In a way, Virginia Tech’s decision to fire head coach Seth Greenberg in April was a case of cutting off one’s nose to spite one’s face. The Hokies declined to fire Greenberg for his win-loss record in March, then dumped him a month and a half later because all of his assistants quit on him.
Whether you think that’s a valid reason to fire someone or not, there’s little doubt that the move took away the one coach the Hokies had left, the only guy who could have possibly gone out on the recruiting trail this spring. So what are the maroon and orange doing about this sorry state of affairs? Let the inimitable David Teel of the Newport News Daily Press give you the depressing (but oddly charming) rundown of the Hokie presence at this weekend’s Nike EYBL event:
Virginia Tech’s sole representative was John Janovsky, who wore his Hokies garb proudly.
Janovsky has never coached at the Division I level, but he appeared more than comfortable after his battlefield promotion in the wake of Seth Greenberg’s firing.
Prior to Greenberg’s exit, assistant coaches Rob Ehsan, James Johnson and John Richardson, plus operations director Jeff Wulbrun, resigned. That left Janovsky, a former assistant at Division II Indiana of Pennsylvania with myriad Division I contacts.
Janovsky spent this past season as Tech’s video coordinator. When Wulbrun left for an assistant’s job at Alabama-Birmingham, Greenberg promoted Janovsky to the operations gig.
With no coaches on staff to travel during this month’s evaluation window, Janovsky passed the required NCAA recruiting test and headed to last weekend’s EYBL session in Minneapolis, plus Washington-area high schools Paul VI and Sidwell Friends.
Maybe a video coordinator in head coach’s clothes is better than nothing. It’s hard to say.
Teel has also done a good job of keeping track of realistic (an important distinction) possible replacements for Greenberg, including Loyola’s Jimmy Patsos and Lehigh’s Brett Reed, both of whom led their teams to the NCAA tournament this season. Reed’s upset of Duke might make him a very popular candidate, indeed.
During North Carolina’s blowout win over N.C. State on Jan. 8, the Tar Heels weren’t the only ones in the building who were feeling it.
As it turns out, North Carolina ball boy Asher Lucas was the hottest shooter of anyone in the building that night.
During halftime of that Jan. 8 game, Lucas nailed three consecutive halfcourt shots, as his father, Adam Lucas, a North Carolina columnist, released the video this week to YouTube. The video quickly went viral as Asher’s unreal streak of shots was all over TV and the Internet.
The Tar Heels have been struggling to find consistent perimeter shooting for the last few seasons, so maybe they need to start scouting Asher for a future roster spot.
Milwaukee picked up a Horizon League win on Friday night as guard Brock Stull knocked in a buzzer-beater to topple Cleveland State.
Stull only had four points on the night as he played 30 minutes and finished with five assists and six rebounds.
Oregon released a statement on Friday afternoon that said star forward Dillon Brooks had seen doctors and was in a walking boot, but gave no further update on his condition.
Brooks suffered what the program termed a “lower leg injury” on Thursday night against Cal. The injury was to his left leg – on replay, it looked like he rolled his ankle – which is concerning because his left foot is the foot that he injured over the summer, which caused him to miss the first three games of the season.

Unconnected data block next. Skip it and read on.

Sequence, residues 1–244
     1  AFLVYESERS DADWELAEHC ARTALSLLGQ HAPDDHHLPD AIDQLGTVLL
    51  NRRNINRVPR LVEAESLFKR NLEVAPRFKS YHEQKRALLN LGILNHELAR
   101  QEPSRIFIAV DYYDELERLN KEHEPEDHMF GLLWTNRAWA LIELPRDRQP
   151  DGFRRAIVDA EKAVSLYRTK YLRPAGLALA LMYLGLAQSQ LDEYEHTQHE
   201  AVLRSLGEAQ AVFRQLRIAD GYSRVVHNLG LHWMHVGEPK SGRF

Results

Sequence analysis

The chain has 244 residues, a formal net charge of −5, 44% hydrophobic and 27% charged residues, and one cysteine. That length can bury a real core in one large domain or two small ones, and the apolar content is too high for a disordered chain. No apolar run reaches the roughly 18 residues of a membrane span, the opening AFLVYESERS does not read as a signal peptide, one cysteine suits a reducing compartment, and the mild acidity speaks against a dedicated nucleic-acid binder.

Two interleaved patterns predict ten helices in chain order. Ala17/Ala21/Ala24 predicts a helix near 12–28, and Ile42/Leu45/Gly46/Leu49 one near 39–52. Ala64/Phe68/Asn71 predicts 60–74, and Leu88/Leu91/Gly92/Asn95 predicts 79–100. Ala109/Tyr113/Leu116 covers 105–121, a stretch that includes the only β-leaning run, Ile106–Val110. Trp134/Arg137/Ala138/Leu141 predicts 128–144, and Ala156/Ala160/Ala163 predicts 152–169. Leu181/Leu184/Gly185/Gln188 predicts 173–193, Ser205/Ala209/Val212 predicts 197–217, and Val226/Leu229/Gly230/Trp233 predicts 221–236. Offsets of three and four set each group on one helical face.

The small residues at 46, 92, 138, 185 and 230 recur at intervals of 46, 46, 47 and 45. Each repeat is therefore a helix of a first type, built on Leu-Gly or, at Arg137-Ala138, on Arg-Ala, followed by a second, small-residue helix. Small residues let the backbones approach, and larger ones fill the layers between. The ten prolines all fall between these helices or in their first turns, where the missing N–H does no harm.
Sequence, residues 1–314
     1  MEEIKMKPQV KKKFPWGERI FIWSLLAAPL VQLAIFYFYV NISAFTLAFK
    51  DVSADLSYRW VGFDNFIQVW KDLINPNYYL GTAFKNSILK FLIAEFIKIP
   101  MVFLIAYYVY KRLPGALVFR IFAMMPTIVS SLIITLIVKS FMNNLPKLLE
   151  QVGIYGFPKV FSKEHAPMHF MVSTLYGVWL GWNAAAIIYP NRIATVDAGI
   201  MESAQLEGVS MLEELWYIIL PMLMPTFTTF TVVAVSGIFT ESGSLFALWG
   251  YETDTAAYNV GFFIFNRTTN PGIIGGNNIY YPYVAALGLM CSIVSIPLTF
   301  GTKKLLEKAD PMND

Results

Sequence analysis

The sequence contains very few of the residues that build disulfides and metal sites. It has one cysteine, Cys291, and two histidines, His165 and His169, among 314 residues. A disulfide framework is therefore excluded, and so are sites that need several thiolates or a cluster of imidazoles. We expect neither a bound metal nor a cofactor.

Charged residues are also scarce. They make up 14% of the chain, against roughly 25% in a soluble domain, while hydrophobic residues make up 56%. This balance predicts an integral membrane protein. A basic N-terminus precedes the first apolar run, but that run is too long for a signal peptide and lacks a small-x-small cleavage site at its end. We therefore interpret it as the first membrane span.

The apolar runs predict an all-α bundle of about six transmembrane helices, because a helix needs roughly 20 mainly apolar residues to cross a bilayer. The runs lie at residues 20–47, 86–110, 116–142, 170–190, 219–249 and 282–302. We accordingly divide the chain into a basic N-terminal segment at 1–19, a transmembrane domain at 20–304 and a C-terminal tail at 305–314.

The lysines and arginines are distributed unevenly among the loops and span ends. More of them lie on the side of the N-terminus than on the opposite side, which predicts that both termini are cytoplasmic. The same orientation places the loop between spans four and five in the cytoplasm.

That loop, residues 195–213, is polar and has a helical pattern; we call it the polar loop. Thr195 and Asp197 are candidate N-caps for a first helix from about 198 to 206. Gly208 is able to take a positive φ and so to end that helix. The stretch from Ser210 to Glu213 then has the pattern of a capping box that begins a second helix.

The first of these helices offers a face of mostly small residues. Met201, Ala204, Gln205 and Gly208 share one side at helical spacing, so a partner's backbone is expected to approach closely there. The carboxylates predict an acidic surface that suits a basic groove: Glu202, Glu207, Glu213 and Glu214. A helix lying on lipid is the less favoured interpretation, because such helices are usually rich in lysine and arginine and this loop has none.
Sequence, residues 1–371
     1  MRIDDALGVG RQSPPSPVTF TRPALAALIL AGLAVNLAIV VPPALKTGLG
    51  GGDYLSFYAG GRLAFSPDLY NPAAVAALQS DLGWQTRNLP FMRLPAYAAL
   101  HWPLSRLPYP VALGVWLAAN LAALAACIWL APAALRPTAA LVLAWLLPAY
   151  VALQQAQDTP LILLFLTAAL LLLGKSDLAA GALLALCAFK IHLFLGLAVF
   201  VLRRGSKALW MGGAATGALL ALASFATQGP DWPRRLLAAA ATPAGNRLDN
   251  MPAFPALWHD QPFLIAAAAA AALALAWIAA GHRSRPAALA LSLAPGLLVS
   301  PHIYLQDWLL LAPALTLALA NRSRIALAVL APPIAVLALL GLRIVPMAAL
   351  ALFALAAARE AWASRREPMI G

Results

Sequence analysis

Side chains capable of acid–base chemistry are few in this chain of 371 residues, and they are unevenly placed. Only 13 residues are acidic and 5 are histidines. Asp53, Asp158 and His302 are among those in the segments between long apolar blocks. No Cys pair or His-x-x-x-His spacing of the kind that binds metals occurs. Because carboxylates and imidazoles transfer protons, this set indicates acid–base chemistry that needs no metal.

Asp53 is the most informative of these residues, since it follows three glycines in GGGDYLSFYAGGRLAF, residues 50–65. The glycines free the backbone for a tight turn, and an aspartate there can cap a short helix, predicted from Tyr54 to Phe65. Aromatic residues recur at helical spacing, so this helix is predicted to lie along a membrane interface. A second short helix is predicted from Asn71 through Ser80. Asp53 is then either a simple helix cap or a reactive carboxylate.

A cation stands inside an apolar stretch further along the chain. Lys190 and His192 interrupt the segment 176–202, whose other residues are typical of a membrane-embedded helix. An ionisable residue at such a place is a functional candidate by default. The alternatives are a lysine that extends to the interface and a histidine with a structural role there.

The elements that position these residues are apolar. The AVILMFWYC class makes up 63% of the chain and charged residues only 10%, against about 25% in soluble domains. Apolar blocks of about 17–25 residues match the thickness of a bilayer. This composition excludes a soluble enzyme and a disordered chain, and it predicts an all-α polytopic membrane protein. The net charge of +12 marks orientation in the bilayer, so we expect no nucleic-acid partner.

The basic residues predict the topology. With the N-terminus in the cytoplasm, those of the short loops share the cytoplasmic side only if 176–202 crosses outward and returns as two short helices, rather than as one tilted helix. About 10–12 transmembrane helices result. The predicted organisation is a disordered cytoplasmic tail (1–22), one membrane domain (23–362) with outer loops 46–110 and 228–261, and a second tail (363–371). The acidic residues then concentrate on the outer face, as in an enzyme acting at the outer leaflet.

“He’ll be evaluated in the next couple of days and see where he’s at,” head coach Dana Altman said after Thursday’s game.
Allonzo Trier’s most recent drug test came back negative, meaning that the leading returning scorer for the Wildcats will be eligible to play on Saturday when Arizona plays a visit to UCLA.
Trier had been suspended for the first 19 games of the season following a positive test for a performance-enhancing drug. He appealed to the NCAA and actually won, claiming that he unknowingly ingested the substance after someone he trusted gave him a product to help him recover from a car accident during the offseason.
The NCAA’s stipulation, however, was that he could not play until the PED had cleared his system.
Trier averaged 14.8 points last season for Arizona. He’ll join a back court that already includes Kadeem Allen, Rawle Alkins and Kobi Simmons, as well as Kadeem Allen and Parker Jackson-Cartwright. Along with Lauri Markkanen, who has the look of a lottery pick, Trier was expected to be Arizona’s best player this season. While he has not been allowed to play this year, Trier has been practicing and traveling with the team. It may take him a while to work his way back into game shape and into the flow of the team, but it won’t be because he’s rusty.
The Wildcats are currently 17-2 on the year and 6-0 in the Pac-12. They play No. 3 UCLA in Pauley Pavilion on Saturday. The Bruins are a game out of first place in the conference standings.
Myles Davis announced in a post on twitter on Friday evening that he will be leaving the Xavier basketball team.
“I would like to thank everyone and Xavier for allowing me to get my degree but my family and I have decided that it is time for me to move on from Xavier and start a new chapter in my life,” Davis wrote in the statement. “Wish my teammates the best of luck the rest of the season.”
Davis averaged 10.8 points and 4.1 assists while shooting 38.1 percent from three as a junior in 2015-16, and his skill set would have filled a void that the Musketeers are currently missing on their roster.
But he was suspended for the first 15 games of the regular season following a pair of incidents involving an ex-girlfriend over the summer, and since being reinstated to the team just three games ago, Davis has averaged 11 minutes, scored just two points and shot 0-for-8 from the field and 0-for-6 from three.